Simon Bright Q&A

At the end of last year, the Cambridge African Film Festival re-emerged successfully with a fine slate of films that showed that there is certainly an interest in African film in Cambridge. Last week’s showing of ROBERT MUGABE…WHAT HAPPENED? is testament to that.

After a full screening on a cold winter’s night at the Cambridge Arts Picturehouse, director Simon Bright talked about why he made the film and his work as a filmmaker in his homeland of Zimbabwe.

TAKE ONE was there to record the proceedings…

Tell us some background to the film, what inspired and led you to make it?

I grew up as part of an activist family in Zimbabwe, my mother was teaching in black secondary schools in the sixties, and being followed around by the Rhodesian special branch – so we eventually left. It was Mugabe’s victory which meant that I could go back to Zimbabwe. To go back and help rebuild the country. As the film shows, those were good days, Zimbabwe achieved levels of development that have never been achieved before or since in Africa or probably anywhere else actually. In four years, literacy rose from 40% to 75%. Similar amazing gains in agriculture and health. I was part of a flood of Zimbabweans to be part of that development. And so, after I was imprisoned in 2004 by the same man that I had been supporting, I had to ask the question: What happened to Robert Mugabe? And so the film is my journey.

After I was imprisoned by the same man that I had been supporting, I had to ask the question: What happened to Robert Mugabe? And so the film is my journey.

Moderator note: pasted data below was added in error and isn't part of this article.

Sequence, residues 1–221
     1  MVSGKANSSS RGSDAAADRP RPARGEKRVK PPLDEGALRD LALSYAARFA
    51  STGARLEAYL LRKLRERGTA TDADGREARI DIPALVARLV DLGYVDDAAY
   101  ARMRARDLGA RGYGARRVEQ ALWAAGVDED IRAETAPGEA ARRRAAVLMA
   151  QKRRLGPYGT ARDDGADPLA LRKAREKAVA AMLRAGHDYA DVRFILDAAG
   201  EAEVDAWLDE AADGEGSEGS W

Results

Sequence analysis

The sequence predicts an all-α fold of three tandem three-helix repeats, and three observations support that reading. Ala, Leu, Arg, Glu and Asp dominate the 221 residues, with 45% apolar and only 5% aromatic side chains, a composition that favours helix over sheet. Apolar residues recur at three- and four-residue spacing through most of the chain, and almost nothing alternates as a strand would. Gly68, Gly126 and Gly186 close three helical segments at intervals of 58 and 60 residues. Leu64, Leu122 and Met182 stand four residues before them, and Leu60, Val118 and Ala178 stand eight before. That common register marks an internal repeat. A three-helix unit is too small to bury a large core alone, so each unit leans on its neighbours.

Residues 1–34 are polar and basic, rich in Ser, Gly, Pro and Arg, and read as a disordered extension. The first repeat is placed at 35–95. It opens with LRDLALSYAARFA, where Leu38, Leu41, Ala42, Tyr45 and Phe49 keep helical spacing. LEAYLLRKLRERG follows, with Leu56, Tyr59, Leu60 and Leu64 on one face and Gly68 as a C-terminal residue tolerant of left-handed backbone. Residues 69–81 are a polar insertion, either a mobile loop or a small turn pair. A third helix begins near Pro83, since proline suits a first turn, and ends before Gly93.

What exactly did you do in Zimbabwe upon your return in the 1980s, what part did you play?

I was in the ministry of agriculture. Part of building the archives. I was making training video tapes, collecting footage for television and radio programmes, and so on. It was great, you know, I got a four-wheel-drive vehicle and a camera. I was able to roam all over the country, go wherever I wanted, to rural communities where we were welcomed. It was a fantastic way of discovering the country, a fantastic way of discovering something about peasant economies. It was a good time all round.

So was a lot of the footage in the film from your own collection, or at least from the films that you shot during that time?

Yes, we’ve been making films now for twenty years – but importantly, quite early on, when I got back to Zimbabwe, I thought about different models of production. I didn’t want it to replicate the BBC, for a variety of reasons. I was looking for other ways and forms to make films. Mozambique, very interestingly, had developed Institute Nationale Du Cinema and had invited progressive filmmakers from all over the world to set up a national film institute. In what was the poorest country in the world, and had just had a revolution and come to power with 11 graduates or something like that. They produced this fantastic body of filmmakers. And most of the significant productions that I completed over the next twenty years were untaken with Mozambiqean crews. Not all, but certainly a lot of footage that you see of mine – you know like the railway, when we came under attack, the peasant farming stuff. That was all done with Mozambiquean crews, because they were really great cameramen and they had a kind of freedom of style in the way that they interpreted stuff, and could relate to the subject matter as well.

Jumping forward, why then were you arrested? Was it the films that you were making?

Well, they didn’t explain why they were arresting me when they were doing it! They just put me in prison. It later transpired that they suspected that I was working for the BBC, for Panorama and making a film about youth militias. Which I wasn’t doing. So that made it easier, under questioning, to deny it of course.

In documentaries like this, there never seem to be interviews with current members of Mugabe’s cabinet or close circle – which would have painted a different picture of Mugabe. Tell us more about who you chose to interview and why?